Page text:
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Published in English by the Guardian Weekly




Fisherfolk and the sharing of the rent of the sea

Peter Gibb on the land reform agenda below high tide

THERE ARE MOVES to bring control of Scottish fisheries into community control. Two questions are raised by this: who is the community; and what exactly is meant by “control”.

Two hundred miles north of Edinburgh - Scotland’s capital city and the venue for July’s 23rd biennial Conference of the International Union for Land Value Taxation - lies the Royal Burgh of Cullen, with a falling population something under a thousand. The town sits on the relatively balmy south coast of the Moray Firth. At a latitude of 57 degrees north of the equator, figs ripen on the vine in the local hotelier’s garden, warmed, amazingly, by the dying licks of the gulf stream.

Cullen is the seat of one of Scotland’s greatest private landlords, the Earl of Seafield. If not idyllic, Cullen has been a pleasant home to generations. The proto-Georgist Professor William Ogilvie, born 16 miles west at Pittensair outside Lhanbryde, was master of Cullen Grammar School in 1759 for a year. And for five years now, a farm a mile outside of town has been the base of Land Reform Scotland.

The people of this area are close to the pulse of what is happening in the seas around these islands.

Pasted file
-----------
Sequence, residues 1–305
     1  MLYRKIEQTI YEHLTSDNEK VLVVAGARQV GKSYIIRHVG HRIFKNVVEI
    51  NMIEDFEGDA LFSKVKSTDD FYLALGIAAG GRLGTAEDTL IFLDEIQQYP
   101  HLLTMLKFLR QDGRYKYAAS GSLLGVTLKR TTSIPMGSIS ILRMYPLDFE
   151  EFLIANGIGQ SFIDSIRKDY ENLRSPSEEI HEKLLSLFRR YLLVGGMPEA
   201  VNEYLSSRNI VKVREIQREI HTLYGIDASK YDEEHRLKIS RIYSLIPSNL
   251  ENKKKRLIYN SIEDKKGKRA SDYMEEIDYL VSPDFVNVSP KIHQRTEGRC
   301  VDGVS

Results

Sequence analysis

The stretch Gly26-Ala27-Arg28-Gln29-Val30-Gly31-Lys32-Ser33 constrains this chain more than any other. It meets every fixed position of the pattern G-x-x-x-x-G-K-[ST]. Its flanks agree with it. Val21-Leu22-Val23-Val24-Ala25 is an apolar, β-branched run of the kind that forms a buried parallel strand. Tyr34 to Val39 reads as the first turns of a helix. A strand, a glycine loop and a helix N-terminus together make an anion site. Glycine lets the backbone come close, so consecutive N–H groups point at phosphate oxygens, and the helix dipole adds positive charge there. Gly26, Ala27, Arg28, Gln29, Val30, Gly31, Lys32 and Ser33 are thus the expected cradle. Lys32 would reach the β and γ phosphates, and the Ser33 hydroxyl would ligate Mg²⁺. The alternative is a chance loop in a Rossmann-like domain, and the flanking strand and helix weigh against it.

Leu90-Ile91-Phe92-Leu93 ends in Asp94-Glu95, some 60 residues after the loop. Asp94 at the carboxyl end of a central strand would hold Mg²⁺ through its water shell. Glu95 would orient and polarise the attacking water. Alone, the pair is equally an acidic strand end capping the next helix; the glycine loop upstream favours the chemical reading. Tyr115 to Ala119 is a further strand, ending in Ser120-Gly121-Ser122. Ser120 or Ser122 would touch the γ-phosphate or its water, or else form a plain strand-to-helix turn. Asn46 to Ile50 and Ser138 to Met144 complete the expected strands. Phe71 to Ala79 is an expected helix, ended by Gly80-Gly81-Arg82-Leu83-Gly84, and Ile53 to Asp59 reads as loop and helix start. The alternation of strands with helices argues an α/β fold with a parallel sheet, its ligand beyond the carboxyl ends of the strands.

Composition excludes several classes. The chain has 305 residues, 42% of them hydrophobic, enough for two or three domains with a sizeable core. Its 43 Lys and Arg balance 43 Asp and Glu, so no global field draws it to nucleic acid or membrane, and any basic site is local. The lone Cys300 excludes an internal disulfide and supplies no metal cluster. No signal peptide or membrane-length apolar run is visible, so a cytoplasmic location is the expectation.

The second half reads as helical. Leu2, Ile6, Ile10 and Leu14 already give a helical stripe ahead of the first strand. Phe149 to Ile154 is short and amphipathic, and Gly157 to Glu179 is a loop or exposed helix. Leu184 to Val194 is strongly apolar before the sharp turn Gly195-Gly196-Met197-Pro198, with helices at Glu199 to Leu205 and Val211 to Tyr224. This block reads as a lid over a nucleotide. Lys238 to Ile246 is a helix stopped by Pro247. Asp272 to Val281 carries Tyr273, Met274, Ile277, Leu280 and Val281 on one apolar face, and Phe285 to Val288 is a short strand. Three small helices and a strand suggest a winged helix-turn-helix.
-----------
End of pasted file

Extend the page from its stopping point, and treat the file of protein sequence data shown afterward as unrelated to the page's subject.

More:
A hundred years ago, Cullen was in the midst of a herring bonanza. The Moray Firth was the scene for an economic miracle, a bed for technical progress, and a generator of unparalleled regional social change in modern times. The Scottish novelist Neil Gunn, in The Silver Darlings, tells the story of those heady times. The fishing gave Moray its industrial revolution; and, perhaps unusually, the fish was largely a popular revolution.

Most Seatown families owned a sail boat. With the men home for the weekend, Cullen harbour - like those of neighbouring Portnockie and Findochty, and many others further afield - could be crossed, quay to quay, over the water, by stepping from deck to deck of the closely moored fishing boats completely filling the harbour -jammed together, like sardines in a tin. The coastal towns of the Moray coast were built on the wealth from the sea. But it did not last.

CULLEN’S fall from common wealth is there to be read, in a series of sepia photographs ranged above the public bar of The Three Kings Inn.

The Inn, named after an local battle, a long time ago, in which a Scottish, a Norwegian and a Danish king lost their lives-another fight for control of land and resources - sits on the town’s North Castle Street. The street slopes steeply down to the holiday houses of the Seatown, the foreshore unused but by the dogwalkers and sand castle builders, and the all but empty harbour.